When I started blogging/journalling back in 2004, we were in the midst of Kerry vs. Bush. Facebook was still pretty much restricted to college campuses, and the hot place to be was Livejournal. I don’t remember much political discussion online then. Certainly, we didn’t have the explosion of pundit and commentary sites, we didn’t have the heavy satire sites and such. We still got most of our news from less partisan sources (I won’t go so far as to say non-partisan) such as broadcast and print media. But there was still a heavy amount of criticism of George Bush, and all the memes about village idiots and such started circulating. I’m sure you could find all the icons from that era and you would see the large amount making fun of Bush (and I’m sure there were equal ones making fun of Kerry, but I didn’t see those).
By the 2008 election, Livejournal’s star was starting to fade and Facebook’s rise, but I still remember loads of political discussions on LJ. Many of my political icons come from that era — especially during the primaries where it was Obama vs. Clinton. In my admitted progressive circles, there was lots of criticism of John McCain (especially when he chose Sarah Palin). Online news sites and prediction sites were starting up, but I don’t remember the large number of partisan sites and pages.
With the 2012 election, the shift to FB had begun in earnest, and online journalism sites were rampant. This was the battle of Romney vs Obama (and Obama had no serious primary opposition). Memes — as in the stylized photos with the large bordered text — were beginning to circulate. Romney certainly made sufficient gaffes to feed them.
It is now 2016, and social media has become the influencer of elections, not the reporting outlet. Parody news sites are rampant, as are partisan meme generators. In fact, memes have been the source of news for many people, believing any text they see on a meme. It has gotten really really bad folks. People have turned off their critical thinking; they are sheeple, willing to do or think anything the Internet says. This becomes a vicious circle, and the echo chamber that FB is has increased the partisan nature of discourse.
Reading my FB feeds brought this all back to me. I see posts about the situation at Standing Rock, about people should post their location as Standing Rock to confuse the police. I see memes going around expressing political opinions, and loads of sharing from hyper-partisan, non-journalistic sites. As I’m up early due to a headache, seeing this leads me to post the following reminders:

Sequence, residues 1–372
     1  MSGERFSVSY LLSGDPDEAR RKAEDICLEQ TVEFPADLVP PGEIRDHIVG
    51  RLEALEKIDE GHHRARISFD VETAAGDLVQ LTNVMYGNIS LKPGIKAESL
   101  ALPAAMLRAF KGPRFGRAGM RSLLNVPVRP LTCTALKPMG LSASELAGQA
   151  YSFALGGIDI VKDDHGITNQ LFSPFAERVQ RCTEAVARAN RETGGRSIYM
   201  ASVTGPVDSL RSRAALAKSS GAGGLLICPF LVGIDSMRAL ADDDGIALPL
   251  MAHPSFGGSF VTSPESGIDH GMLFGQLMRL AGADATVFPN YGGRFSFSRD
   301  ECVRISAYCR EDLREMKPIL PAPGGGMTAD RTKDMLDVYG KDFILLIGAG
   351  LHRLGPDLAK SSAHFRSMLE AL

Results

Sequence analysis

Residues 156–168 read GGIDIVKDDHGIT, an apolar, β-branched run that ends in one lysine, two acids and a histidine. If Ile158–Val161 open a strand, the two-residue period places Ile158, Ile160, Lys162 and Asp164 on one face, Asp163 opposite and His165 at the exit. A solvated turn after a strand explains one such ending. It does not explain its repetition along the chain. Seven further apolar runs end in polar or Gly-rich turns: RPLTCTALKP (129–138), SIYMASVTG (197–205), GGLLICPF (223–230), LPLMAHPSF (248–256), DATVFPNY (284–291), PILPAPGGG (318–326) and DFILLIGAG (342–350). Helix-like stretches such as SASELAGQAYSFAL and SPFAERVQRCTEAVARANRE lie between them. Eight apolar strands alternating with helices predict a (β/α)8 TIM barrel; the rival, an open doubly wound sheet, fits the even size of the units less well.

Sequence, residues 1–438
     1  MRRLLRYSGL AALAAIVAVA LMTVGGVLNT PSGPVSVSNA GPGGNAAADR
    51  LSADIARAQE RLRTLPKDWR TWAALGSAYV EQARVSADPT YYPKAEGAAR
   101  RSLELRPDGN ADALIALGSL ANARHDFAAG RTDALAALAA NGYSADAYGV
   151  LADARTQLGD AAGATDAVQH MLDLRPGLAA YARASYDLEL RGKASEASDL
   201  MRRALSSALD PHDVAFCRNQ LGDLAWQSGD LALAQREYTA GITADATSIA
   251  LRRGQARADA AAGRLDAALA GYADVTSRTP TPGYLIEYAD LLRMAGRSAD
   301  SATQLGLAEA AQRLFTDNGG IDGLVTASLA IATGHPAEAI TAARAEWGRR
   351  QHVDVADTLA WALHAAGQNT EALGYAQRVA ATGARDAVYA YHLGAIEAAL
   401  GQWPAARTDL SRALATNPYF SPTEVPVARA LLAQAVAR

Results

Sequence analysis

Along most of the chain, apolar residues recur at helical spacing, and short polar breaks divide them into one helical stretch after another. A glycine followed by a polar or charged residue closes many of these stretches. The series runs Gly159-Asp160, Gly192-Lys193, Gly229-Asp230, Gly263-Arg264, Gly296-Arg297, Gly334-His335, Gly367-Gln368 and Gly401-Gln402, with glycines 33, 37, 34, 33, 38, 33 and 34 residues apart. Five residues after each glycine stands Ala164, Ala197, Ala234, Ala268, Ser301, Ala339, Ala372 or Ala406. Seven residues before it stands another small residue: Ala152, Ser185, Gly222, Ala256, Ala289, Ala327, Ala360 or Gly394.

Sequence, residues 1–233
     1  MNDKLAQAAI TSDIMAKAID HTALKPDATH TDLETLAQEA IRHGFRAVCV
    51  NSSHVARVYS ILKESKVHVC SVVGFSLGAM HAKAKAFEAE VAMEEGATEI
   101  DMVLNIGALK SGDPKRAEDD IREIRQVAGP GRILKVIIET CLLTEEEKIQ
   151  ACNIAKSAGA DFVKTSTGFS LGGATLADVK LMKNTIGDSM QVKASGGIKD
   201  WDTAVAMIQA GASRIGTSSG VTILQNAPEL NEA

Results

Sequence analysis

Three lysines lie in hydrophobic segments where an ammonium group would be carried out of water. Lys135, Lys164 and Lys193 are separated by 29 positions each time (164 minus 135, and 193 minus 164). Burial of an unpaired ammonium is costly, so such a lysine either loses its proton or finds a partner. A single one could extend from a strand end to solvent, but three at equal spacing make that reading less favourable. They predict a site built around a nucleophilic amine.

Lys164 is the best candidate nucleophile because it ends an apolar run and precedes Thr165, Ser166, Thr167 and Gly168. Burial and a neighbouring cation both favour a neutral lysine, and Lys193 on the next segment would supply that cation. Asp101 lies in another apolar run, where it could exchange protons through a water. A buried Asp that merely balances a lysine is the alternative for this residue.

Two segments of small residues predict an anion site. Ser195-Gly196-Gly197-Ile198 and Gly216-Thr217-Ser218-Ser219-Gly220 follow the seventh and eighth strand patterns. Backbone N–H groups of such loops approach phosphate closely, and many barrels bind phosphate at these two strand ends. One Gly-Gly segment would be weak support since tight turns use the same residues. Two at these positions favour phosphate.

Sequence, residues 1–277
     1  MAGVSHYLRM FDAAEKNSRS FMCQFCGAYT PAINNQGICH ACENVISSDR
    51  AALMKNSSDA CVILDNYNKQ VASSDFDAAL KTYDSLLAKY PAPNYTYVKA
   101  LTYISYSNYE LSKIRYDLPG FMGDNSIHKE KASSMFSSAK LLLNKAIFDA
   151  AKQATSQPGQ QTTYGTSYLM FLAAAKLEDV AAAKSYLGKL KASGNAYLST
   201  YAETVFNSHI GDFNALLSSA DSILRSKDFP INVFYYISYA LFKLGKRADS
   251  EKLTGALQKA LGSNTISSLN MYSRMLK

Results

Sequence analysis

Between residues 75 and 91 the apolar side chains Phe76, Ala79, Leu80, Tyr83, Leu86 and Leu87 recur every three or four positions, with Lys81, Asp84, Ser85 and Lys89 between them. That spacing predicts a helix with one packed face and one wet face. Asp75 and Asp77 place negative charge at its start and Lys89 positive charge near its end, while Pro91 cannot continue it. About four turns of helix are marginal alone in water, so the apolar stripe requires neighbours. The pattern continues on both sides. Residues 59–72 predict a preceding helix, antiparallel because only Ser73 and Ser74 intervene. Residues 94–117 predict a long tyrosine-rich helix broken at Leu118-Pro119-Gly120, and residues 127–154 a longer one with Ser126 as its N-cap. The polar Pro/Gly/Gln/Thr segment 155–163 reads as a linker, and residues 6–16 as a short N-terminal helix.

- Facebook is not the world. Police do not have the time to monitor everyone’s FB feed to determine who is where and who to arrest. Showing your location as someplace in solidarity with an action does not benefit those you are supporting. Similarly, liking or sharing positions pieces is only benefitting the “likes” of someone you don’t know. It is often a trick to entice you.
- Just because text goes around on top of an image doesn’t make it true. Anyone can claim something is a quote or a statement, pop it on an image, and people will believe it. Don’t keep circulating those, no matter how enticing. Confirm (or double confirm) anything you read, focusing on confirmation from well-known broadcast and print media, and especially international and multiple sources.
- Recognize satire sites. If it is from The Onion, Andy Borowitz at the New Yorker, or a number of other sites, it is likely not true. Very likely.
- Recognize partisan sites. Many of the sites that pose as news these days — e.g., Occupy Democrats, Partisan Report, Red State Blue State — spread news in a hyperpartisan manner. Don’t repeat what they say, you only make it worse. This article has a good summary of such sites from the progressive side; On the conservative site, such sites include Breitbart News, Wall Street Journal (oh, how the mighty have fallen), NY Post, and I’m sure there are more. Again, always double or triple confirm what you read.
- Remember that if you see it on the Internet, there is no guarantee that it is true. People can make up anything and easily make it look real. Confirm everything before you reshare or react.
- Facts are non-partisan. Do not believe the innuendo regarding the fact checking sites. Snopes, FactCheck.org, and such are not partisan mouthpieces — they call out all sides for incorrect use of facts.
We have just about a week to go in this election. As you see all the mud being slung, ask yourself the following questions:
- For those that like Trump, if his past and behavior were on the part of any other candidate, would you still support that candidate? For example, if it was a white, male Democrat such as Gary Hart, John Kerry, or Ted Kennedy, would you be calling for them to drop out of the race? Trump is not special; your hatred of Clinton should not blind you to the foibles of the man that disqualify him. Consider Bill Cosby: he’s had a lot of the same accusations and has fallen from grace; Trump has had similar accusations, and yet has grown in support. Double standard, anyone?
- Similarly, if all the behaviors that make you hate Clinton were attributed to a Republican candidate, would you accept them? Would you be demanding the emails from George Bush, Mitt Romney, or John Cain? Would defunding embassy security have disqualified Bush for a second term? Recognize that the FB echo chamber has made this worse, and that your hatred is inflamed because she is Clinton, or because she is, well, “she”.
- Are you reacting to manufactured news, or news slated so as to play to your biases and hatreds? If so, just say no. This is true from both sides.
Hopefully, this has given you something to think about, as we start the last week of the campaign.